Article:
But what about social isolation? For those whose professional connections to the outside world lie predominantly with clients, home working can be a lonely pursuit. Recent research by Epson revealed that 46 per cent of self-employed freelancers found working from home “isolating”. Worse still, a shocking 25 per cent of freelancers admitted to frequent bouts of depression.
Coworking: the best of both worlds?
So how exactly can we combine personal freedom and social interaction? Enter the coworking space, a term coined by software engineer Brad Neuberg, who started the movement in 2005 when he invited people to “come together in community, sitting at tables or relaxing on couches as we work”. In 2005, there were three coworking spaces around the world. Today, that figure is closer to 15,000.
What is a coworking space?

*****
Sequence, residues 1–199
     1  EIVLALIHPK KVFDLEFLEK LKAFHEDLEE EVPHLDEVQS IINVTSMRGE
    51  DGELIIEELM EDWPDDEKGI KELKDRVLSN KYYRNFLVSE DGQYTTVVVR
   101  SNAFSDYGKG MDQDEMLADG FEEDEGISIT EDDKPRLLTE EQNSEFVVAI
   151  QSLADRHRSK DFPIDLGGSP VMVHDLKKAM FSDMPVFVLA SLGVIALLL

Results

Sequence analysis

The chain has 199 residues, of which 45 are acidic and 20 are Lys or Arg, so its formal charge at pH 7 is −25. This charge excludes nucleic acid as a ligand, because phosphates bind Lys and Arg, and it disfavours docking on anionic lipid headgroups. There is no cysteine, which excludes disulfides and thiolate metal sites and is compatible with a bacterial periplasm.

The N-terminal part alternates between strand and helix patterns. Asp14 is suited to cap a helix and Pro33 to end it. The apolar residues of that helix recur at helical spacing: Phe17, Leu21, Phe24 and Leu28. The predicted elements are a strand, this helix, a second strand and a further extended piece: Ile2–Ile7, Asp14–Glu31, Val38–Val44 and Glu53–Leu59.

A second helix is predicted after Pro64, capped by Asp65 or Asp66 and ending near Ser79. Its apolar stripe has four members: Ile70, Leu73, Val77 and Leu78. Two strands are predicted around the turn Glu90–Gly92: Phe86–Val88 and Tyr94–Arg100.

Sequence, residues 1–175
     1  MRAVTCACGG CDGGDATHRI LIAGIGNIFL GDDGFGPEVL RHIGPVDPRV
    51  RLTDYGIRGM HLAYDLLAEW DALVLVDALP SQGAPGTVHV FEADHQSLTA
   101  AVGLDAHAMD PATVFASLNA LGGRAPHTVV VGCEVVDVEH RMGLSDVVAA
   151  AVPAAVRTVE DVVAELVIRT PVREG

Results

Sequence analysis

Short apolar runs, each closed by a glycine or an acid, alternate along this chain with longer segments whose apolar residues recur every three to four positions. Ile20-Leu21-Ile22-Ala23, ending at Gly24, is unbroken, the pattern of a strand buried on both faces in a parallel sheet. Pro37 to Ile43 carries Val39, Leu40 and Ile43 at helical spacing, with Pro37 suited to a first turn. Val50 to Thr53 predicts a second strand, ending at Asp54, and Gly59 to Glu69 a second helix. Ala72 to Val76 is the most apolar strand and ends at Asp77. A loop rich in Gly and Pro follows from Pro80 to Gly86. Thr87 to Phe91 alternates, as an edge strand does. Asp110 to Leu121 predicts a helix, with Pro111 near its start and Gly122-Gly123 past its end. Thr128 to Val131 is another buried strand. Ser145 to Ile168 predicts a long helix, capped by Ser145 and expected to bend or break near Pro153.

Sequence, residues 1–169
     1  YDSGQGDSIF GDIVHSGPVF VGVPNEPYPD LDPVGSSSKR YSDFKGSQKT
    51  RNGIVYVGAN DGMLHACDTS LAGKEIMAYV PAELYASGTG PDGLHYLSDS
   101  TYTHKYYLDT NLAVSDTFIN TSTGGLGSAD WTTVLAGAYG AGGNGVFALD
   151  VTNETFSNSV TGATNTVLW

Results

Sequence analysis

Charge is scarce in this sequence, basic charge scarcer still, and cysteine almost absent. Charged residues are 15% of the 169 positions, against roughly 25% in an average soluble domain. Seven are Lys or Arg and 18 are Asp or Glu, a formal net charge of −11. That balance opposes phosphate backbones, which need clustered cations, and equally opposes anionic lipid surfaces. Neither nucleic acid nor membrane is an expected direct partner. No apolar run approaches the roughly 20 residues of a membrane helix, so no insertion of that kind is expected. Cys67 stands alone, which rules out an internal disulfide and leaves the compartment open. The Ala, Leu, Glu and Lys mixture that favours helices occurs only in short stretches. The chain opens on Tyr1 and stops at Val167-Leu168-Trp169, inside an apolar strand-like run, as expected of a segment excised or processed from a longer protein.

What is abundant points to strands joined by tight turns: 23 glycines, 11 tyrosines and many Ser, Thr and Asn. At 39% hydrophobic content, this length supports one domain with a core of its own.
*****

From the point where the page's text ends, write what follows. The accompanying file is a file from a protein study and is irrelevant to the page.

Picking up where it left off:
While there’s no single definition for a coworking space, Neuberg sums it up. “Even though each of us is doing separate work, perhaps programming or writing a novel, we can feel each other’s presence, run ideas by the community, or take breaks together at the water cooler.” Various search engine results will describe coworking spaces as “an area to share creative ideas” or “combining the benefits of café culture, members’ clubs and serviced offices”.
In August 2018, I personally had the joy of experiencing York’s Hiscox Building which, alongside an abundance of meeting rooms and desks to tempt local professionals, is also home to an imposing decommissioned rocket standing proudly in the atrium. In addition to this, my client Waseem Abbasi, founder of HUB Inspired, waxes lyrical about the benefits of collaborative working. “I initially founded HUB with the aim of combating the isolation that can often be felt when working alone from home or in cafés. Many complain about a lack of inspiration or sense of belonging.”
Weighing up the pros and cons
Indeed, a little extra activity can spell the difference between productivity and crashing out, says tech blogger Simon Barker. “Just having the background noise and other people around can sometimes be necessary to get back into the work mindset, at least in my case.”